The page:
Coexistence of autoimmune diabetes and maturity-onset diabetes of the young (MODY) is rare. We report the first case of coexisting latent autoimmune diabetes of adulthood (LADA) and glucokinase (GCK) MODY. A 32-year-old woman was treated with insulin for gestational diabetes at age 32 years; post-partum, her fasting blood glucose was 6.0 mmol/L and 2-h glucose was 11.8 mmol/L following an oral glucose tolerance test, and she was maintained on diet alone. Five years later, a diagnosis of LADA was made when she presented with fasting blood glucose of 20.3 mmol/L and HbA1C 125 mmol/mol (13.6%). GCK-MODY was identified 14 years later when genetic testing was prompted by identification of a mutation in her cousin. Despite multiple daily insulin injections her glycaemic control remained above target and her clinical course has been complicated by multiple episodes of hypoglycaemia with unawareness. Although rare, coexistence of latent autoimmune diabetes of adulthood and monogenic diabetes should be considered if there is a strong clinical suspicion, for example, family history. Hypoglycaemic unawareness developed secondary to frequent episodes of hypoglycaemia using standard glycaemic targets for LADA. This case highlights the importance of setting fasting glucose targets within the expected range for GCK-MODY in subjects with coexisting LADA.

Learning points:

  • We report the first case of coexisting latent autoimmune diabetes of adulthood (LADA) and GCK-MODY.

  • It has been suggested that mutations in GCK may lead to altered counter-regulation and recognition of hypoglycaemia at higher blood glucose levels than patients without such mutation. However, in our case, hypoglycaemic unawareness developed secondary to frequent episodes of hypoglycaemia using standard glycaemic targets for LADA.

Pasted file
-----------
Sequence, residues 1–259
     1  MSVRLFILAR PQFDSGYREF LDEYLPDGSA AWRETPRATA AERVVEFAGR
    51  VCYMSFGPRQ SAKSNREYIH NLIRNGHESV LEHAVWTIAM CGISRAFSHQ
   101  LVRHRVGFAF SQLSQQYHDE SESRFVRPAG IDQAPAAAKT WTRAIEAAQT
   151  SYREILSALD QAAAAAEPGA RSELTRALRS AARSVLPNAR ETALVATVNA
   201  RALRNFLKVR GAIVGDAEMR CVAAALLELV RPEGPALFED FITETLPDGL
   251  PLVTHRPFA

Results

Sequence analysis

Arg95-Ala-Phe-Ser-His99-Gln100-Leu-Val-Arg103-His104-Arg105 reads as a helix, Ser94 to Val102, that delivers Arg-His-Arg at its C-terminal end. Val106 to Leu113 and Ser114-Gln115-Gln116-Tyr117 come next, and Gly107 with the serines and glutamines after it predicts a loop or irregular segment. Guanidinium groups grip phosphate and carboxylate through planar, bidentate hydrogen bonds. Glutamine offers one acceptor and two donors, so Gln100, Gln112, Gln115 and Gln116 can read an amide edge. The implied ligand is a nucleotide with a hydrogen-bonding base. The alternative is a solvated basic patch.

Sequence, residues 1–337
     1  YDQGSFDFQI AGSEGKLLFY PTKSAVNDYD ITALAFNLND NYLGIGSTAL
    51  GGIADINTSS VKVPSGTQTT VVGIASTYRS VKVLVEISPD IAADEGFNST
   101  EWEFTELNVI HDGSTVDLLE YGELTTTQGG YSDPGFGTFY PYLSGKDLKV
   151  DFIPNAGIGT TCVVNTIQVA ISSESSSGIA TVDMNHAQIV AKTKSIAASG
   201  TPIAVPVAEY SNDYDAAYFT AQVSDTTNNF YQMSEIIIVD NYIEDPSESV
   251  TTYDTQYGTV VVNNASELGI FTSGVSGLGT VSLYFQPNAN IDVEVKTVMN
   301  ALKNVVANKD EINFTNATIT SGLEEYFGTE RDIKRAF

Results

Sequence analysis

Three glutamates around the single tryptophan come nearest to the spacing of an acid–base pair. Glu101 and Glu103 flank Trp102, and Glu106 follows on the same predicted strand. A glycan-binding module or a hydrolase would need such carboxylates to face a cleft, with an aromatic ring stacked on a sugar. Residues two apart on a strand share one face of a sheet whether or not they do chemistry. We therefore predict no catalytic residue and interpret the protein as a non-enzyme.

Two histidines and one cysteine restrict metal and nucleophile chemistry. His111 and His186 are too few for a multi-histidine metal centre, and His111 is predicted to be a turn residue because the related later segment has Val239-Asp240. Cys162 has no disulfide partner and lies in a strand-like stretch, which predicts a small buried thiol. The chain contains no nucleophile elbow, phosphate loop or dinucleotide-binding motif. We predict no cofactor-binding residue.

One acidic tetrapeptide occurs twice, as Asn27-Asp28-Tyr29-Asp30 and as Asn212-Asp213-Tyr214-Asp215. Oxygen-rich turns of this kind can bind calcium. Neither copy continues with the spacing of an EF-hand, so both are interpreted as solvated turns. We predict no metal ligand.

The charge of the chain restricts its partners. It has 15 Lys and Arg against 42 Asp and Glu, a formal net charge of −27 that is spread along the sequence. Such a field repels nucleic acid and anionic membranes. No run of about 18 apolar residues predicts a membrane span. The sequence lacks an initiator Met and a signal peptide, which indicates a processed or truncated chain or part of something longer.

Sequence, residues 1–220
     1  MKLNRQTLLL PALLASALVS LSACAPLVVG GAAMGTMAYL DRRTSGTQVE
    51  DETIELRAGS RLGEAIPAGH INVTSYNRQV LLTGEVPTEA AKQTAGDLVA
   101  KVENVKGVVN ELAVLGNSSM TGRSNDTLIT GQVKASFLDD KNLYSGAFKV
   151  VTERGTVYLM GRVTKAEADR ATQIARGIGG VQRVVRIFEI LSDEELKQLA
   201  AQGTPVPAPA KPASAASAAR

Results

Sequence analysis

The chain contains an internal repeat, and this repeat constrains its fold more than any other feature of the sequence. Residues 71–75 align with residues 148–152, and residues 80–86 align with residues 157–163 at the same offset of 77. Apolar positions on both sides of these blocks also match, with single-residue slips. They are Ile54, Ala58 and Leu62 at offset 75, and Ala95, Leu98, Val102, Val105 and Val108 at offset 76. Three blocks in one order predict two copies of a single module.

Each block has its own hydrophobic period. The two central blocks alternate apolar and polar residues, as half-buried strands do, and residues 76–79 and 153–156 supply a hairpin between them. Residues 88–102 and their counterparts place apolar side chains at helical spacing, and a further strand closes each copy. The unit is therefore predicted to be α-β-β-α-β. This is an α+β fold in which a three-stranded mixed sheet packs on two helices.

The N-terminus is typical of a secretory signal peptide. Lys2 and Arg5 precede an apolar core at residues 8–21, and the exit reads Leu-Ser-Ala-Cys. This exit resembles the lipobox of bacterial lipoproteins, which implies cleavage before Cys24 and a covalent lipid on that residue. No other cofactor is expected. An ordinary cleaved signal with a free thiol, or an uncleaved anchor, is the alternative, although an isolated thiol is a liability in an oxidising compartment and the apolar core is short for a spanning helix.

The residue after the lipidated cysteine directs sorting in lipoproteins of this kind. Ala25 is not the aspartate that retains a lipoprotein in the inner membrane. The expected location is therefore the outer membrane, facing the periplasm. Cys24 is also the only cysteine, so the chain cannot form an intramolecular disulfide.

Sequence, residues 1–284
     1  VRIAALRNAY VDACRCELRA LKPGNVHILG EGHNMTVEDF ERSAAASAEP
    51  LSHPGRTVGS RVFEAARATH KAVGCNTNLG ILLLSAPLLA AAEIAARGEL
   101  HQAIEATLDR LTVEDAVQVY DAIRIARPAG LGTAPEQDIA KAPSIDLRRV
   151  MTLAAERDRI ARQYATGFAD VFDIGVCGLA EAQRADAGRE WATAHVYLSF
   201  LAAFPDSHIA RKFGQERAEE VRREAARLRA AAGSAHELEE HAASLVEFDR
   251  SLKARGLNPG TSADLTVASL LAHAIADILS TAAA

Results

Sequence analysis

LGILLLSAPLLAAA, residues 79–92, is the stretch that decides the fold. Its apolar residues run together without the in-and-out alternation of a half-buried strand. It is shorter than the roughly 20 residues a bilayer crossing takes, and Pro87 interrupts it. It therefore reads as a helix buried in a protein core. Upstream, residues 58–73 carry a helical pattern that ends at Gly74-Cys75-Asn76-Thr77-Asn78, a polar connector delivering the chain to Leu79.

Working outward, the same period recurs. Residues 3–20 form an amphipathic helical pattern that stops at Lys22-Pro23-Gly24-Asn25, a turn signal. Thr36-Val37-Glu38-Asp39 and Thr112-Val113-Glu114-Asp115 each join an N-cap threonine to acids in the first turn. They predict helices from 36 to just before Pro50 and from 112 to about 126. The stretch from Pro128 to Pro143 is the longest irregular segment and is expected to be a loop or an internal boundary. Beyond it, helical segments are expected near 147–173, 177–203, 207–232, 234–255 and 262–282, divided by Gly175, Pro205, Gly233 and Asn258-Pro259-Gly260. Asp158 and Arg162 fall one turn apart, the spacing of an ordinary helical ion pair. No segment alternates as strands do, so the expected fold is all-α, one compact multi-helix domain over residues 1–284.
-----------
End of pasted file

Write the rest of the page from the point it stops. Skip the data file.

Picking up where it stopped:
• This case highlights the importance of setting fasting glucose targets within the expected range for GCK-MODY in subjects with coexisting LADA to avoid hypoglycaemia.

Open access

A Veltroni, G Zambon, S Cingarlini and M V Davì

Summary

Insulin autoimmune syndrome (IAS), a rare cause of autoimmune hyperinsulinaemic hypoglycaemia, is relatively well known in Japan. The incidence in Caucasians is less than one-fifth of that reported in Japanese people, but it is becoming increasingly recognised worldwide in non-Asians as well. Drugs containing sulphydryl groups are known to be associated with the disease in genetically predisposed individuals. Moreover, several recent reports showed a direct association between the onset of IAS and the consumption of dietary supplements containing alpha-lipoic acid (LA). Insulinoma remains the most prevalent cause of hypersulinaemic hypoglycaemia in Caucasians. Consequently, primary investigation in these patients is generally focused on localisation of the pancreatic tumour, often with invasive procedures followed by surgery. We described a case of an Italian woman presenting to us with severe recurrent hypoglycaemia associated with high insulin and C-peptide levels and no evidence of pancreatic lesions at imaging diagnostic procedures. She had taken LA until 2 weeks before hospitalisation. After an evaluation of her drug history, an autoimmune form of hypoglycaemia was suspected and the titre of insulin autoantibodies was found to be markedly elevated. This allowed us to diagnose LA-related IAS, thus preventing any unnecessary surgery and avoiding invasive diagnostic interventions.